Ruth is a plant/soil research scientist at the James Hutton Institute with 20 years’ experience of working on a wide range of applied ecological research projects. Her research focuses the impact of pressures such as grazing, pollution, land management and plant diseases on above and below ground biodiversity. Over the last five years Ruth and her team have developed expertise in assessing the wider ecological impacts of declines in plant health (notably ash dieback and oak decline) on biodiversity and ecosystem functioning. In particular the team identify which other species only or primarily use the plant species impacted by the disease and if the plant species which may replace the diseased species provide suitable ecological niches for the same suite of biodiversity. Ultimately the aim has been to provide practical advice to mitigate, as far as possible, the adverse impacts of plant diseases on the wider environment.
This project will (i) review and collate the contemporary data and evidence on Phytophthora discovery, species description and traits; (ii) use the collated data to horizon-scan and predict disease threats in Scotland and (iii) model and map the greatest threats to plants in specific key habitats. The findings will be compiled into a report on the updated risks with recommendations for enhancing preparedness through risk-based prioritisation of hosts and habitats for targeted surveillance to promote earlier detection of Phytophthora species. Although the project will consider plants in agriculture, forestry, horticulture and natural ecosystems across Scotland, the principal focus will be on the risks to relatively under-studied plant hosts in the natural environment.
This project was selected for funding from the Project Call: “Enhancing preparedness against pests and diseases: plugging evidence gaps for Scotland”.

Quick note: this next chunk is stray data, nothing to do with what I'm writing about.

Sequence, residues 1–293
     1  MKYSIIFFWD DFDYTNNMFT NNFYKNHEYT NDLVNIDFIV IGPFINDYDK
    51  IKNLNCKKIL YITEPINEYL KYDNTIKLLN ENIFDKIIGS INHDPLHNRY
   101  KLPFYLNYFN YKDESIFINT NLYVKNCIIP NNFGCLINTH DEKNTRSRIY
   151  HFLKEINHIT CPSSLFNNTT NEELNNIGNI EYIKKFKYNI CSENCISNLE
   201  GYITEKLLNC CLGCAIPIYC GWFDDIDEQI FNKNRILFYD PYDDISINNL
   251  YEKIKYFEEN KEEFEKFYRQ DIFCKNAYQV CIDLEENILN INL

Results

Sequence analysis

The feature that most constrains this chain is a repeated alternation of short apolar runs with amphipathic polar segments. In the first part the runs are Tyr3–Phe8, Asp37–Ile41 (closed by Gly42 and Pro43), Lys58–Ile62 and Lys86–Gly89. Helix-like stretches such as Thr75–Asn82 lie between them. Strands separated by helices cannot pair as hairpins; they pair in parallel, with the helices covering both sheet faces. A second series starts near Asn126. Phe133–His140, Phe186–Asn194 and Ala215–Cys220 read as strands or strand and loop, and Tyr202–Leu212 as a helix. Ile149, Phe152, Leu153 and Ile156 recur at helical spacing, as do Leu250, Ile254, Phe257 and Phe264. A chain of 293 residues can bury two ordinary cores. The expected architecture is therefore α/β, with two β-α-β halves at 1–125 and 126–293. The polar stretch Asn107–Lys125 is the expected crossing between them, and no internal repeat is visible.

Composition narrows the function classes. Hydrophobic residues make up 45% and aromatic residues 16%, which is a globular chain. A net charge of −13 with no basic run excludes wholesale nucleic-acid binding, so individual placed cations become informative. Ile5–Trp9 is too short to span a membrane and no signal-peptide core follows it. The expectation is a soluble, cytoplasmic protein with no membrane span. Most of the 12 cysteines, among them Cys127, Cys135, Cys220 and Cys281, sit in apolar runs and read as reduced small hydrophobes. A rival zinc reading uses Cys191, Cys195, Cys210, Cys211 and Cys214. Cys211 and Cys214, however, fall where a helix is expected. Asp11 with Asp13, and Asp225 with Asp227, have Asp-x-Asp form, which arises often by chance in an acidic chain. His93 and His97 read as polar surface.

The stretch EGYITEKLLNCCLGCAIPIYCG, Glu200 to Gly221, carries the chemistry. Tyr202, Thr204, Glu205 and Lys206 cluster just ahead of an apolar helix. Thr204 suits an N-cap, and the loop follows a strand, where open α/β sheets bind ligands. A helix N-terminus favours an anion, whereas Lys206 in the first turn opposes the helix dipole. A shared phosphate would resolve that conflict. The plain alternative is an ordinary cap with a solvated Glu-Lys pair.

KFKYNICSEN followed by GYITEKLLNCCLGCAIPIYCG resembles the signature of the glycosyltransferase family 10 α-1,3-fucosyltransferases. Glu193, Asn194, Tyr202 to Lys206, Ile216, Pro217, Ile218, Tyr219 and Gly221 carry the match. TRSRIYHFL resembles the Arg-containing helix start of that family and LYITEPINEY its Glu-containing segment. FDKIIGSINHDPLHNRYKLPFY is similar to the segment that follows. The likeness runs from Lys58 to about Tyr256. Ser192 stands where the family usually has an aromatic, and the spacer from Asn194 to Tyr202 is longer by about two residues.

Image credit: Glensaugh ©The James Hutton Institute
Impact: This fellowship will generate an increased understanding of current and future plant health threats to the natural environment in Scotland and identify key knowledge gaps, and deliver practical steps and actions to minimise risks and negative and provide evidence-based advice to inform future policies to help safeguard this sector.
Compared to threats such as climate change and habitat fragmentation, plant health issues are poorly represented in international and national biodiversity strategies such as the Aichi Targets of the Convention on Biological Diversity, the Global Strategy for Plant Conservation, and the Scottish Biodiversity Strategy. Work is thus required to provide strategic guidance on the inclusion of plant health threats into the next iteration of the biodiversity strategies.
Impact: Direct guidance and input for plant health issues into the new Scottish Biodiversity Strategy; best-practice example of plant health integration into national biodiversity planning (model for other countries).
The Natural Environment sector underpins Scotland’s landscapes, biodiversity, rural industries and recreational activities, but plant health awareness is less well developed than in the forestry, horticulture and agriculture sectors. The PHC funded a fellowship with NatureScot, to address this gap.